- presentations of practical research
- the researching and writing of reflective reports, assignments and self-evaluations
- private research and study
- presentations to peers and group feedback via the 'feedback forum' approach to 'reception theory' in practice.
Approach to assessment
The approach to assessment can be described as dialogic. You interrogate your own work using a form of phenomenological analysis, and we assess and respond to this careful 'dialogue' that you have with your own work.
The assessment forms and methods include:
- practical presentations of resolved social sculpture, interdisciplinary creative actions and reflective social practice
- written self-evaluations on the evolution, development and resolution of all creative practices and projects
- written case-studies
- a final presentation of practical work as part of the MA Social Sculpture and Connective Practice Festival which includes projects in specific contents and related documentation, interventions, exhibitions and events.
As a student in the School of Arts, you will benefit from excellent and well equipped facilities, 24 hour access to your own studio space and the help and support our team of practitioners and the other specialists in the field who work here.
The MA in Social Sculpture is situated in the Richard Hamilton Building, which includes bookable installation rooms, music practice rooms and a research base for postgraduate students to do group and individual work. Access to the Richard Hamilton Building is available 24 hours a day for all arts students.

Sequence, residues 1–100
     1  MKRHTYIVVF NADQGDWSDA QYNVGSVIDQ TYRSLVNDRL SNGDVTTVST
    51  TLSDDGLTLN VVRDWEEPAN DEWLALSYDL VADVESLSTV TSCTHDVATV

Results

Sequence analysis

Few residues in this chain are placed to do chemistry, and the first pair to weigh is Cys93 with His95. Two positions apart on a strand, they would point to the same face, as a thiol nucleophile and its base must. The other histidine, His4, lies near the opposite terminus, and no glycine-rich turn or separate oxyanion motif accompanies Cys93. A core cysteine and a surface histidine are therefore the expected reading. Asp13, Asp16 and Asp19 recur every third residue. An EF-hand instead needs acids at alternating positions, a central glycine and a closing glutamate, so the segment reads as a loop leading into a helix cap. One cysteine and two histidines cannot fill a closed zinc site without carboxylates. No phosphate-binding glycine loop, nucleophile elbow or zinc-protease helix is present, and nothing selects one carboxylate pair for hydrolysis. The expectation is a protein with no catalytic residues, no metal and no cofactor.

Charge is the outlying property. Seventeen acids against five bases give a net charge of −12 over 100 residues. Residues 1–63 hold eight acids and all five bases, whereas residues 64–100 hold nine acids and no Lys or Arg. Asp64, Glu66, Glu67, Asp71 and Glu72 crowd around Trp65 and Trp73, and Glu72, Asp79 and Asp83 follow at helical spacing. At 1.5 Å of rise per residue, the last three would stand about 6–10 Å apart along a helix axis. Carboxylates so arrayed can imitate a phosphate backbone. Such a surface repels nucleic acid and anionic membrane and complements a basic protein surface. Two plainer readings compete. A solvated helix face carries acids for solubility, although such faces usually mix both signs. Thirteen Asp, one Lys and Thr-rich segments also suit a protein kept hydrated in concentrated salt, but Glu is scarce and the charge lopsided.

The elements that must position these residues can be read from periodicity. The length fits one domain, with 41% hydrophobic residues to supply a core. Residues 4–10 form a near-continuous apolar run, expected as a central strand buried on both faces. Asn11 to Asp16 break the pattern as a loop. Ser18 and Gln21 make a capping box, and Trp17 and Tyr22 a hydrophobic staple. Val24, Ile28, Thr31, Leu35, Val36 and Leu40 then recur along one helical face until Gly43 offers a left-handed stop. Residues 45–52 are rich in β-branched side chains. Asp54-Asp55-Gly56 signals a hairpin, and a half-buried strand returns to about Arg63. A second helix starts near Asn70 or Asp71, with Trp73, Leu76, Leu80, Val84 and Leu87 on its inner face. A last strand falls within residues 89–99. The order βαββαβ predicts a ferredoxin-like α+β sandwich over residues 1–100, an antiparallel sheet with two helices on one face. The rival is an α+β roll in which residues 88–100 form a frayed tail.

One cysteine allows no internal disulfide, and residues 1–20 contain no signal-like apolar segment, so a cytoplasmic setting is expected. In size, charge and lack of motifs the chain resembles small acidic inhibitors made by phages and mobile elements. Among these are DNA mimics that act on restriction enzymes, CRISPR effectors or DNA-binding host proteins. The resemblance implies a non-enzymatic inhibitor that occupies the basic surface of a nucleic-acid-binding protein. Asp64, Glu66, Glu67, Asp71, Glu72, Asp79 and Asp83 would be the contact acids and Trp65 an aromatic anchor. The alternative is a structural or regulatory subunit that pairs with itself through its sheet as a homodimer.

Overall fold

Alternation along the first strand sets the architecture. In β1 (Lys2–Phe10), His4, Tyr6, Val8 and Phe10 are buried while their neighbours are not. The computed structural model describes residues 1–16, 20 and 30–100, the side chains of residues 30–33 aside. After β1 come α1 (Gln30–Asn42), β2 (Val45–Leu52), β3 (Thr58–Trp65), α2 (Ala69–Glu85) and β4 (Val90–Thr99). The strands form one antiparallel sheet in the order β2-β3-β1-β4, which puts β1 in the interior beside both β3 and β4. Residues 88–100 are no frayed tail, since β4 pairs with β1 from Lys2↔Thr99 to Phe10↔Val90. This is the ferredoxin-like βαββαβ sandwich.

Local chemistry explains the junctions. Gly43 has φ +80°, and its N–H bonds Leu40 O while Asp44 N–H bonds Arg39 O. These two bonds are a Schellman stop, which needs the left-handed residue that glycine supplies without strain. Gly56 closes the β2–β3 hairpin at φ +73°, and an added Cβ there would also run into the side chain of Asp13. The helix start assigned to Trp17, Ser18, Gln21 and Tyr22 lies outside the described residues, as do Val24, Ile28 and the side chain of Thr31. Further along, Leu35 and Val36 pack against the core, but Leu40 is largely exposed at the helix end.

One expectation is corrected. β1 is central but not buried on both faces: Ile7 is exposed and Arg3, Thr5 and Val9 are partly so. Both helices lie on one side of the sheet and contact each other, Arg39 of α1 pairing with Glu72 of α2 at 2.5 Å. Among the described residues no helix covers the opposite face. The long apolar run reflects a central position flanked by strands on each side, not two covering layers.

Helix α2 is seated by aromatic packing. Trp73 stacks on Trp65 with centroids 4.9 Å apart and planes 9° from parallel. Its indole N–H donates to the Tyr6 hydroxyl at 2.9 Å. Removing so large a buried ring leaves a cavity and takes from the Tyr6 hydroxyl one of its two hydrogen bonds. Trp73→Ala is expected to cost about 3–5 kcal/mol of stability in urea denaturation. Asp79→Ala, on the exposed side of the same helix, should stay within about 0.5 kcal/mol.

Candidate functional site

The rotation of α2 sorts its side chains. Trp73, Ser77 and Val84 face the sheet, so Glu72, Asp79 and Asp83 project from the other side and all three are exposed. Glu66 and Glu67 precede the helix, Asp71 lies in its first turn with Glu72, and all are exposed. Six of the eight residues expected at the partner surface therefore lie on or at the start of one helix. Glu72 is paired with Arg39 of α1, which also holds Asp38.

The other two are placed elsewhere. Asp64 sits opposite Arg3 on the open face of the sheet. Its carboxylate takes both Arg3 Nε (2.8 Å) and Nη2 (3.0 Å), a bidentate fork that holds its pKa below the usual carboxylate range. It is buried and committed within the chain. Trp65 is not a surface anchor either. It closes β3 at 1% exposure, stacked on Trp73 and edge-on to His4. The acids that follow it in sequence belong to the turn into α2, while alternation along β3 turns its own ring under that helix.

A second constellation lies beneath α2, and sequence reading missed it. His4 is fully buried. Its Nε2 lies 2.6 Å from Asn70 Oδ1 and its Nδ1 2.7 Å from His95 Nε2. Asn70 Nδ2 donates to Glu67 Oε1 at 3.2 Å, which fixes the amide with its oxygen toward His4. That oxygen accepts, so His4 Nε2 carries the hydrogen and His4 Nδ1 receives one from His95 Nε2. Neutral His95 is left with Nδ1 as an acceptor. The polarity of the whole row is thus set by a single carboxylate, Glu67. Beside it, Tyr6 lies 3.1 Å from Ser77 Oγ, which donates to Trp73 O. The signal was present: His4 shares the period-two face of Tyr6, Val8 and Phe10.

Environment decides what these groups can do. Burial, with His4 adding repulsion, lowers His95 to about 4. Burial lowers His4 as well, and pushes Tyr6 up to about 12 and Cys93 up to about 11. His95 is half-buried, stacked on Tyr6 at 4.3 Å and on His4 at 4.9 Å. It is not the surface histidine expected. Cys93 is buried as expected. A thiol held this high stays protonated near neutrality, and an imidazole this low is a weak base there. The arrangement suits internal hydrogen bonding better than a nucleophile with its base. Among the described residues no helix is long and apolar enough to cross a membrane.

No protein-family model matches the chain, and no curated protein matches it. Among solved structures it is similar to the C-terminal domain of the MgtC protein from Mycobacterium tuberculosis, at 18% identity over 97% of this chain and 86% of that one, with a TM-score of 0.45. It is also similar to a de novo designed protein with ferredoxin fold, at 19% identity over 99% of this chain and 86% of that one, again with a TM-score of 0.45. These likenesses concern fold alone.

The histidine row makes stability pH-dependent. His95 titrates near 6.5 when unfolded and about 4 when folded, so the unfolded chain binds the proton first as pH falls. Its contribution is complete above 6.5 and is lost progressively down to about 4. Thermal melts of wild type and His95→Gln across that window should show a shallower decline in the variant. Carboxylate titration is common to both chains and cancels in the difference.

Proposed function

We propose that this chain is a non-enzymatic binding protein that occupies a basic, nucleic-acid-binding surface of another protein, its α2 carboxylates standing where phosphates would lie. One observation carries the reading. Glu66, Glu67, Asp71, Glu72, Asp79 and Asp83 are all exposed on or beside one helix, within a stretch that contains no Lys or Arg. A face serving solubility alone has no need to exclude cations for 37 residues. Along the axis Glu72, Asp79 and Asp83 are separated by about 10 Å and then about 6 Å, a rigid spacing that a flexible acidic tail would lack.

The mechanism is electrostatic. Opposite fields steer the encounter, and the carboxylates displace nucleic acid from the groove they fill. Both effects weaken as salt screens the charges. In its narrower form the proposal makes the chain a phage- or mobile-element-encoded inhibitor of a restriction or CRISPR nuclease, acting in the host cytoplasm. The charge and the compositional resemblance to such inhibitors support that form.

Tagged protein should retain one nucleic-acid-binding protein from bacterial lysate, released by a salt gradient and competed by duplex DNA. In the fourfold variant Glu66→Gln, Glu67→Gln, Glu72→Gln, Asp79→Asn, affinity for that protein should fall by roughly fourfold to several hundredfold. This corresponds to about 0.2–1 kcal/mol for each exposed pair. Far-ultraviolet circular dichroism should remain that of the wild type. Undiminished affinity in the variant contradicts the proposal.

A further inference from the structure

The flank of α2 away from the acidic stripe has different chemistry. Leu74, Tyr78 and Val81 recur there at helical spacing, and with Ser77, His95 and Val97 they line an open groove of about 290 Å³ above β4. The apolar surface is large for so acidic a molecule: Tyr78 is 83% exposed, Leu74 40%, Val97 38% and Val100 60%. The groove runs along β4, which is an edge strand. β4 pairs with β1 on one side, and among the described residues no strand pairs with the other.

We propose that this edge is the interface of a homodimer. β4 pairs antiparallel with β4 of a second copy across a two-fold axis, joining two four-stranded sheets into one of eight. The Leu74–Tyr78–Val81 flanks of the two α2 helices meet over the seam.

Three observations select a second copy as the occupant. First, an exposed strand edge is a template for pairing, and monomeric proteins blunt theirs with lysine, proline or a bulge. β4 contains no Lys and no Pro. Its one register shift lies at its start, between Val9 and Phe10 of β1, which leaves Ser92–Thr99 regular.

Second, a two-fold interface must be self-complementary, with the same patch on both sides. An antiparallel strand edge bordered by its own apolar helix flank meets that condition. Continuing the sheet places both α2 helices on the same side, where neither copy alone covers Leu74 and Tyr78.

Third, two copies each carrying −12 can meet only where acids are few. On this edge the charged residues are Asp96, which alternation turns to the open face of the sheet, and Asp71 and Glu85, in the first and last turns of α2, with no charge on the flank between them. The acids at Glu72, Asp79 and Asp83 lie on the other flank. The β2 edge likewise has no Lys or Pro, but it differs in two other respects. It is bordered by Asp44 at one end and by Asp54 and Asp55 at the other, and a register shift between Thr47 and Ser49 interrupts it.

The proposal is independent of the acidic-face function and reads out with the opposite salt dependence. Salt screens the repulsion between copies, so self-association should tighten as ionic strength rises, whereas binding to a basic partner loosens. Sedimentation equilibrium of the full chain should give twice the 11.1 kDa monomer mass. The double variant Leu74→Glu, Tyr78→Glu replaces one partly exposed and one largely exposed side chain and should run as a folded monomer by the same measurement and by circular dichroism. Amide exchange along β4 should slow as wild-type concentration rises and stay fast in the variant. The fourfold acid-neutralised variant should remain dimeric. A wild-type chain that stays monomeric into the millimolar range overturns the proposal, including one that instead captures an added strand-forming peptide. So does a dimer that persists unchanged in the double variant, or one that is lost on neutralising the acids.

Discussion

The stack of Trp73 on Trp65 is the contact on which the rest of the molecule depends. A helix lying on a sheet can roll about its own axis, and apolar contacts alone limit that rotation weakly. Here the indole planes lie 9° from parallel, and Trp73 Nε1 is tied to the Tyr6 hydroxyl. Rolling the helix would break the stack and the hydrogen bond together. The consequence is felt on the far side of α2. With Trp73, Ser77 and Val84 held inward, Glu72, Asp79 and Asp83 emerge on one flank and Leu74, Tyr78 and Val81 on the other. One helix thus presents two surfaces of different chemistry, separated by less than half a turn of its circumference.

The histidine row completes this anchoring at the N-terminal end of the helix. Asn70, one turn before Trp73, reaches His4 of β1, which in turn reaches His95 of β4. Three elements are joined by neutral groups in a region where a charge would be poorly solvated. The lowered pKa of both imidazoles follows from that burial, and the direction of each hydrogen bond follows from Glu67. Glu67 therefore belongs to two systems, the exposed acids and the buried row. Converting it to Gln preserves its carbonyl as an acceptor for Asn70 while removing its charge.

The department also has access to a black box drama studio where performances and installations can take place. This provides a live performance venue with versatile sound, lighting and staging possibilities, including surround sound, projections and raised staging and seating.
Arts related workshops and IT
Social sculpture students have access to well-equipped workshops run by technical specialists in Artists’ Books, Printmaking, Photography, Video and a range of processes including casting, metalwork, laser cutting and woodwork. General internet, email and office software are available as well as workstations with more specialist programmes including Photoshop, Illustrator, Adobe Audition 3.0; Sibelius 6; Cubase Essential 4; Pure Data; Hyperprism; GRM Tools and Composers Desktop Project.
Field trips There are no formal field trips however you will have the opportunity to engage with cultural, social and ecologically focused organisations and well as to visit social sculpture related projects such at the Omnibus for Direct Democracy in Germany, and to volunteer and assist on Social Sculpture Research Unit projects such as University of the Trees: Lab for an Eco-Social Future and Earth Forum. Travel and other costs incurred are expected to be met by the student.
lectures and interviews in international contexts:
Sacks in Sweden at the Youth Initiative Programme
Sacks - Talk for Making a Difference Asia: Change-Makers programme - Hong Kong [with Chinese subtitles]
Sacks: Berlin, with Michelangelo Pistoletto at the Heinrich Boell Stiftung
Zumdick in an interview for Australian radio
Recent staff publications
See our Facebook page
Attendance pattern Full-time students meet twice weekly in both the first and second semesters - on Mondays and Tuesdays.
In the summer Full-time students work to develop their Major Project, which concludes in early October the following year.
Part-time students meet once a week every Tuesday in their first year in Semester 1 and 2, and in their second year, once a week on Mondays in both Semester 1 and 2. In Year 2 they work through the summer on their Major Project which concludes in October of their second year.
Students doing Full-time need to be on-site or nearby, at least half the week, and put in about 40 hours per week.
Part-time students are expected to be in at least one day a week, and work in their own time for at least 20 hours per week, on or off site, as appropriate.